By Katie Saltz
Sometimes you hear about another parent’s approach to child-rearing and you can just breeze past it and think, “Eh, doesn’t really sound good to me.”
Other times, you hear about another parent’s approach to child-rearing and your inner voice screams.
The latter is how I feel when parents tell me they are “training” their children.
I bristle at the word “training.” I am referring mostly to “behavior training.”
It implies indoctrinating someone to follow a strict set of guidelines.
It means you have some sort of system to “get rid of” undesirable behavior.
To my mind, behavior in a child is communication.
By attempting to eliminate certain behavior in a child, you are not really ridding them of the emotion causing the behavior.
You are teaching them to suppress it.
On one hand, parents want obedient children.
Children who listen without questioning. Children who do not throw tantrums.
But on the other hand, parents want their children to grow up to be independent.
To be creative thinkers. To be go-getters and self-starters.
How does that work when we spend their childhood training them to quiet down and just listen?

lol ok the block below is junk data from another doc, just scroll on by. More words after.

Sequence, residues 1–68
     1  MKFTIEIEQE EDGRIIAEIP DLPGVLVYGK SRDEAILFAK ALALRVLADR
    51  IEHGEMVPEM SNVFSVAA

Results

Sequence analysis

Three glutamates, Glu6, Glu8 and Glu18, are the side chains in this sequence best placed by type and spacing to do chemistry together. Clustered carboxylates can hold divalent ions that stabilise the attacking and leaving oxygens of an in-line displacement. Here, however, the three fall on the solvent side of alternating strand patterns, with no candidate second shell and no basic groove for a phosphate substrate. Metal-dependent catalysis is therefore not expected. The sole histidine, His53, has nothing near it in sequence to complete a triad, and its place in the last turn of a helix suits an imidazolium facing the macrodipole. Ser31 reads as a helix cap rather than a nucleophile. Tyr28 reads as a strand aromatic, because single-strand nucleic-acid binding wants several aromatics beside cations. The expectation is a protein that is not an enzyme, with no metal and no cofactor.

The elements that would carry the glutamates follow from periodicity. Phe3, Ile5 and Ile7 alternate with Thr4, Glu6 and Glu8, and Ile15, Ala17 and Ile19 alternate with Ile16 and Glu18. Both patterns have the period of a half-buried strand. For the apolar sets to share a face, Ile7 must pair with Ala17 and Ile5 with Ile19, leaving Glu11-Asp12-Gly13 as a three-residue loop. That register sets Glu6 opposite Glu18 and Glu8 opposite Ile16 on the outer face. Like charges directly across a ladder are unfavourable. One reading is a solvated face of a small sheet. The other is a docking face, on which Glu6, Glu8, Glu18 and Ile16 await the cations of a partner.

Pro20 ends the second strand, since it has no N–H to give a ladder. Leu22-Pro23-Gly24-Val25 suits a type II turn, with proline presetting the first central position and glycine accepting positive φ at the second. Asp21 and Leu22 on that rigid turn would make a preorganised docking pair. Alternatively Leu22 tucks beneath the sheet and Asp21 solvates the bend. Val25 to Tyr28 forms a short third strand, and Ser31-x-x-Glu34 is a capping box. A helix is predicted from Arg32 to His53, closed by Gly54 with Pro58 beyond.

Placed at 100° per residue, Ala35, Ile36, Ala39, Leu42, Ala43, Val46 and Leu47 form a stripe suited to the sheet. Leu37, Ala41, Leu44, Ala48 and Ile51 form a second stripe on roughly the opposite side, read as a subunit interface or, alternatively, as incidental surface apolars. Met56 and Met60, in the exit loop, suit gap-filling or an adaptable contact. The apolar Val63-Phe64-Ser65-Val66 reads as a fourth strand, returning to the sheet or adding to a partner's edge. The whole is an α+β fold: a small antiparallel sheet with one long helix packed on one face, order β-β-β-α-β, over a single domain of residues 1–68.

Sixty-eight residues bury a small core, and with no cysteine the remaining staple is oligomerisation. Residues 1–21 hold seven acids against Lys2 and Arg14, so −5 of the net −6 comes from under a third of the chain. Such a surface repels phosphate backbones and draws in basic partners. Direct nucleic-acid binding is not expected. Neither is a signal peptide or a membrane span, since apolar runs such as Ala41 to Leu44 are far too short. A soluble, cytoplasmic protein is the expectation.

My child is not a circus animal. I am not leading a boot camp.
I am not a trainer. I am raising a human being.
We often draw a box of what a “good child” looks like, but we can’t expect to squeeze and stuff our child in that box.
Most children don’t fit.
To get them in that box nice and neatly, you will likely end up breaking something.
I know not everyone who uses the word “training” means it in such a literal way.
So instead of training, let’s teach our children. Let’s guide our children.
Let’s model behavior we want to see in our children, and leave “training” for the pets.
Watch ABC36 News at Noon on the first Monday of every month to see Katie review her favorite products for mom and baby.